At first, says Nick Hansen, communications manager for the Ramsey County Bar Association, Hennepin County Bar Association and Minnesota State Bar Association, he could count on upwards of 20 people to attend virtual meetings of the volunteer committee overseeing publication of Hennepin Lawyer. But about a year ago, those numbers began to drop.

“Now we’re lucky if we get three to five members to show up,” he says. “One of the biggest benefits of serving on a committee is the networking opportunity, and it’s just been made more difficult by video calling.”

Karen Korr, a bar and legal services communications strategist in San Diego, agrees that Zoom fatigue remains a challenge, but says it’s one that many associations, law firms and other businesses are learning to combat.

The key, she believes: Cut the fluff.

“Nobody wants to waste time on Zoom. If you’re going to have a Zoom committee meeting, it’s got to be on point,” she says.

Past Arkansas Bar Association President Paul Keith, whose entire term as president occurred during COVID, says the no-nonsense approach helped drive increased attendance at the bar’s Board of Trustees meetings, which were critical as the bar introduced a new governance structure.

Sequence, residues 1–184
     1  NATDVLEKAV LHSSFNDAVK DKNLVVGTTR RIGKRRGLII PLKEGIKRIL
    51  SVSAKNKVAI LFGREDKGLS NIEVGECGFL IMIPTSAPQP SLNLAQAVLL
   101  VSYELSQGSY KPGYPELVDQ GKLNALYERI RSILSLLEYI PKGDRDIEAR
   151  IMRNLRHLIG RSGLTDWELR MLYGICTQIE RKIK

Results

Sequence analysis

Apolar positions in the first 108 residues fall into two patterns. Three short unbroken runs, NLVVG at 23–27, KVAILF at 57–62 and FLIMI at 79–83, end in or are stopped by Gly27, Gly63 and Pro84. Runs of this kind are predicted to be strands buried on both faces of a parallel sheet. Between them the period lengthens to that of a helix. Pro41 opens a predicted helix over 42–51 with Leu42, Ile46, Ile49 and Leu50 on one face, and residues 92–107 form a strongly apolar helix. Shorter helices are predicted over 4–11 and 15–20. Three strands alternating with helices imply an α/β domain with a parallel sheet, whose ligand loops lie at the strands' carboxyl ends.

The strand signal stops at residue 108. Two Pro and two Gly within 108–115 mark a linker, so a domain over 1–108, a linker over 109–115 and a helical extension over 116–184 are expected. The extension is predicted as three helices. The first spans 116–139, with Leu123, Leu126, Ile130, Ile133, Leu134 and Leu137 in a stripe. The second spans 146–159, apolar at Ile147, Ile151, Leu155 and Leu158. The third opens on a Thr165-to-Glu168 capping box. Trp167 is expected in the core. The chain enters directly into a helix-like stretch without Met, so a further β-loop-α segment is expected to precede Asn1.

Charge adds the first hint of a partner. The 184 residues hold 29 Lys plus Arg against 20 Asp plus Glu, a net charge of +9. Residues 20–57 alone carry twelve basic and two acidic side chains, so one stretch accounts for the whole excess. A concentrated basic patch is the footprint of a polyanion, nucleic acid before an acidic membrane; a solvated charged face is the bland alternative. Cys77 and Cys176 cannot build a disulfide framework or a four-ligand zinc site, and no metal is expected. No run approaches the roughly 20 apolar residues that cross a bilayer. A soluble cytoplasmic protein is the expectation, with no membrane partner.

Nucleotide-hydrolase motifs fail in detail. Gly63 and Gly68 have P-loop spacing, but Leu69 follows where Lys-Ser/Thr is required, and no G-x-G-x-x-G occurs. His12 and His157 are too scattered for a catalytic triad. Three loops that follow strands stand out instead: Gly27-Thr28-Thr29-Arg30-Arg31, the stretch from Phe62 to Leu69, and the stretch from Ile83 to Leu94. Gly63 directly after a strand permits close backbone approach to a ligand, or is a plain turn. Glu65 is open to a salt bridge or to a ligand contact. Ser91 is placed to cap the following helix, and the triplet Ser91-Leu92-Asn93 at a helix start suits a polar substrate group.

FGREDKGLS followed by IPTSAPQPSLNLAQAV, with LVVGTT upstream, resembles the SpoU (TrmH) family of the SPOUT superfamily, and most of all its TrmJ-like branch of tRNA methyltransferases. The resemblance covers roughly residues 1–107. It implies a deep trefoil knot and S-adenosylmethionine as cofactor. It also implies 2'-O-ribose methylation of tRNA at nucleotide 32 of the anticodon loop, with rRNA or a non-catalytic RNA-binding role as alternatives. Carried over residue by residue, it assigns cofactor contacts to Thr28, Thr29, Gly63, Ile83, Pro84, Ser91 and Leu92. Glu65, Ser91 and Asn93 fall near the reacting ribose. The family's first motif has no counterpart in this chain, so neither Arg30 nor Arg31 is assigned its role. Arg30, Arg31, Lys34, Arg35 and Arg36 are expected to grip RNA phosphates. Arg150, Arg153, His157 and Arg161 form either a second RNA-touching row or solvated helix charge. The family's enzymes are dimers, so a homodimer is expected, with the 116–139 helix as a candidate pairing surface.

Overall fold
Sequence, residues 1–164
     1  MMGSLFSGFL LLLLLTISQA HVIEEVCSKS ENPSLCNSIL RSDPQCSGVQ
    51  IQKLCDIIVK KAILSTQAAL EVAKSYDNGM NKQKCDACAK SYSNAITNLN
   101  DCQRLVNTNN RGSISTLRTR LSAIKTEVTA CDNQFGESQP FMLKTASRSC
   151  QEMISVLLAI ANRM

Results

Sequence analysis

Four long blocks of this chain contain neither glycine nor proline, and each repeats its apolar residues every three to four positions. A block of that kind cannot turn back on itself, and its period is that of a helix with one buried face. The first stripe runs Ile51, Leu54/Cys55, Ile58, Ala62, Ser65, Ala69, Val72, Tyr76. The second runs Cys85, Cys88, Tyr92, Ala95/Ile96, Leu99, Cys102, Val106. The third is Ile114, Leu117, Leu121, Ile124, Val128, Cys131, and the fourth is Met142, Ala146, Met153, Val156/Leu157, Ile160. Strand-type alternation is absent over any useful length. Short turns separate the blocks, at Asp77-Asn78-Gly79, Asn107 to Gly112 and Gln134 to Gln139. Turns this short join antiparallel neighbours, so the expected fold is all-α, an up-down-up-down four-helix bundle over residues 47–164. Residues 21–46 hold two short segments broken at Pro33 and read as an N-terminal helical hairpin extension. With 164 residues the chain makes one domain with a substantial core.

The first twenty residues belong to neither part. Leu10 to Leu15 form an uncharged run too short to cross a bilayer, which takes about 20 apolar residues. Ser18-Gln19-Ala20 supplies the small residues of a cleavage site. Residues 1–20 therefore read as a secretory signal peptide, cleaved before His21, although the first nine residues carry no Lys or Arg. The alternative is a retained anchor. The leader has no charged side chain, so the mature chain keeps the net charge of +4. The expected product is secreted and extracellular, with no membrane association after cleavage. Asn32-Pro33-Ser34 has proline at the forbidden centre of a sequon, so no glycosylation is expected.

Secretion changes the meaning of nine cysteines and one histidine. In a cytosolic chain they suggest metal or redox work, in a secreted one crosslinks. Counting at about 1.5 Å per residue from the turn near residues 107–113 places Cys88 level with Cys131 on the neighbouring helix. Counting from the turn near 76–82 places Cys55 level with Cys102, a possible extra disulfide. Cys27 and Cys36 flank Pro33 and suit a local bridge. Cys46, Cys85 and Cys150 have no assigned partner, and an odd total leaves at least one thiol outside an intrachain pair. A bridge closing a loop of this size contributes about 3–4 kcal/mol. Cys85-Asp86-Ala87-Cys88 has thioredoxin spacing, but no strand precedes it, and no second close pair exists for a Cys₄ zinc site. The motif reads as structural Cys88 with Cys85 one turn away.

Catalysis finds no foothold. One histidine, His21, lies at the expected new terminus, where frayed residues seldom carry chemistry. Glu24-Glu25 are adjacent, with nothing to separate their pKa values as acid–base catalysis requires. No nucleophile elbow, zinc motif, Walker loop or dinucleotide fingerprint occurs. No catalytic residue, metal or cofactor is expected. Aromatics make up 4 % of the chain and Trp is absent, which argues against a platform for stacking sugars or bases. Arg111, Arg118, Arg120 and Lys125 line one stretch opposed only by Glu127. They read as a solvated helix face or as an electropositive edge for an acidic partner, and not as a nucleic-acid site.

“We found that people are very busy, and that when it’s a business meeting, getting it done in an afternoon has helped us with participation, and probably in our committees,” he says.

That businesslike efficiency is one reason why Zoom will likely stay in the New Hampshire Bar Association’s toolkit, even once in-person meetings and events become more common, says Lynne Sabean, the bar’s director of communications, marketing and member outreach. She says Zoom has also played a vital role in bringing members together in a geographically diverse state.

“We’ve actually been able to reach out to some of the people in areas—when they were live events—where they were not able to participate,” Sabean says. “When you see the good that is coming out of this technology, you’re not just going to throw it in the closet. We’re going to figure out ways to make it work going forward. It’s really the best of all worlds.”

Just as bars are backing off from thinking that virtual events must replicate in-person interaction, they’re also thinking strategically about events where virtual platforms may be a better choice and not just a COVID necessity. The Arkansas bar’s Young Lawyers Section went virtual last year with its Wills for Heroes program to help first responders with estate planning.

“They found it worked better than in person,” says bar President Joe Kolb. “Why? They could reach so many other first responders all across the state. They were not limited to whatever location they were going to do for their one-day event. We see that continuing virtually.”

Varying assignments to meet varying member needs